How did the traditional doctrine of parts and wholes evolve into contemporary formal mereology? This paper argues that a crucial missing link may lie in the early modern and especially Wolffian transformation of mereology into a systematic sub-discipline of ontology devoted to quantity. After some remarks on the traditional scholastic approach to parts and wholes (Sect. 1), Wolff's mature mereology is reconstructed as an attempt to provide an ontological foundation for mathematics (Sects. 2–3). On the basis of Wolff's earlier mereologies (Sect. 4), the origin of this foundational project is traced back to one of Wolff's private conversations with Leibniz (Sect. 5) and especially to the former's appropriation of the latter's notion of similarity as a means to define quantity (Sect. 6). Despite some hesitancy concerning the ultimate characterization of quantity (Sect. 7), Wolff's contribution was historically significant and influential. By developing a quantitative, extensional account of mereological relations, Wolff departed from the received doctrine and paved the way for the later revival of mereology at the intersection of ontology and mathematics.

Mereology and Mathematics: Christian Wolff’s Foundational Programme

Matteo Favaretti Camposampiero
2019

Abstract

How did the traditional doctrine of parts and wholes evolve into contemporary formal mereology? This paper argues that a crucial missing link may lie in the early modern and especially Wolffian transformation of mereology into a systematic sub-discipline of ontology devoted to quantity. After some remarks on the traditional scholastic approach to parts and wholes (Sect. 1), Wolff's mature mereology is reconstructed as an attempt to provide an ontological foundation for mathematics (Sects. 2–3). On the basis of Wolff's earlier mereologies (Sect. 4), the origin of this foundational project is traced back to one of Wolff's private conversations with Leibniz (Sect. 5) and especially to the former's appropriation of the latter's notion of similarity as a means to define quantity (Sect. 6). Despite some hesitancy concerning the ultimate characterization of quantity (Sect. 7), Wolff's contribution was historically significant and influential. By developing a quantitative, extensional account of mereological relations, Wolff departed from the received doctrine and paved the way for the later revival of mereology at the intersection of ontology and mathematics.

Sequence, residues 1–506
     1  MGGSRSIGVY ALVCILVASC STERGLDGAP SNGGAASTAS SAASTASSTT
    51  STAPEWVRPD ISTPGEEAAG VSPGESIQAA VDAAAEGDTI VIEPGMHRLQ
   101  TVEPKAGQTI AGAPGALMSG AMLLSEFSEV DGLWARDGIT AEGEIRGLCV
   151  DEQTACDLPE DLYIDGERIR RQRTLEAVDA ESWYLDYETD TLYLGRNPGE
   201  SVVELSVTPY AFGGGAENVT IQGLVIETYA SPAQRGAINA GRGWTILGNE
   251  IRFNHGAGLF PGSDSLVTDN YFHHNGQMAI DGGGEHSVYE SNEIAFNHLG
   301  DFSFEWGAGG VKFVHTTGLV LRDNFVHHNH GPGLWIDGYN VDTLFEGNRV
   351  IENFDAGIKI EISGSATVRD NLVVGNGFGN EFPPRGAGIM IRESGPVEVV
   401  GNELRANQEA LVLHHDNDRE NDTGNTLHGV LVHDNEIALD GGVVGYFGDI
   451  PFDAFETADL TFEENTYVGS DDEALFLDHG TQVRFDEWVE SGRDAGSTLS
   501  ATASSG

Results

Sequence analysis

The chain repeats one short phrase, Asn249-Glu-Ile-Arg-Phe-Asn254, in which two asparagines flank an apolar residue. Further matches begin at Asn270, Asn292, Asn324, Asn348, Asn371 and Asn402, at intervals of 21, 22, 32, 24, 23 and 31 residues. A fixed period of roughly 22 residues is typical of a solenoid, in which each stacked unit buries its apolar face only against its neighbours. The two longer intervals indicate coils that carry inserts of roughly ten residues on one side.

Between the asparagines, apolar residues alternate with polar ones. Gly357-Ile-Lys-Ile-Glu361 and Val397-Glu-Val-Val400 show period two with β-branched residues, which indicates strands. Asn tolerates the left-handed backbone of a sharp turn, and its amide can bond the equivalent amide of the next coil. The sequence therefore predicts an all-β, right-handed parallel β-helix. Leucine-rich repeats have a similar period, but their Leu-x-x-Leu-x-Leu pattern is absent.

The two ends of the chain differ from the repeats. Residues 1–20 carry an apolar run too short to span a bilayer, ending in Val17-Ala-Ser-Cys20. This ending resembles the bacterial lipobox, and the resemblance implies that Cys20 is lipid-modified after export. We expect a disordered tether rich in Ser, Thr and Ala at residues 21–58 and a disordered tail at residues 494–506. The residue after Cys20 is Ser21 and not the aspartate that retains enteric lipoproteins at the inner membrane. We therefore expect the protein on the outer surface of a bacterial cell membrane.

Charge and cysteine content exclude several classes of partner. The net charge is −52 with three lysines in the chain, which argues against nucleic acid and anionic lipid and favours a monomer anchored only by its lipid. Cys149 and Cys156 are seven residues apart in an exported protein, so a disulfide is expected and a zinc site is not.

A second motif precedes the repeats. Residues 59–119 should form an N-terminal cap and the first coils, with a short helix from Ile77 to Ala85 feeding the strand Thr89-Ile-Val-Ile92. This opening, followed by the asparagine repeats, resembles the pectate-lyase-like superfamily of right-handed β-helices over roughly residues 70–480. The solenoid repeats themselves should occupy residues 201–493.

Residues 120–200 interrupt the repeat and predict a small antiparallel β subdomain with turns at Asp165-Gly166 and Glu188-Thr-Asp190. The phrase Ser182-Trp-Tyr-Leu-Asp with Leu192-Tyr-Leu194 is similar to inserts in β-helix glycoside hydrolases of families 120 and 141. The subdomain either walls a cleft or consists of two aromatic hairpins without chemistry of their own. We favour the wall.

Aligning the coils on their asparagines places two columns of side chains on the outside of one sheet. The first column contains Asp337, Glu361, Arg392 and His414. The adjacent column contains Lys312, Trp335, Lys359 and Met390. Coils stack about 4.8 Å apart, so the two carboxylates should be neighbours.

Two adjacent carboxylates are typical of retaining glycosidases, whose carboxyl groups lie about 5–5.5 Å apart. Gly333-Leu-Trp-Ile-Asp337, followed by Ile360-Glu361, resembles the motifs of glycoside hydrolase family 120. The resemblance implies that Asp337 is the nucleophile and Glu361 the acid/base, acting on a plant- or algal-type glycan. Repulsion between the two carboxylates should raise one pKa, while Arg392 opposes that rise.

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Utilizza questo identificativo per citare o creare un link a questo documento: https://hdl.handle.net/10278/3719848
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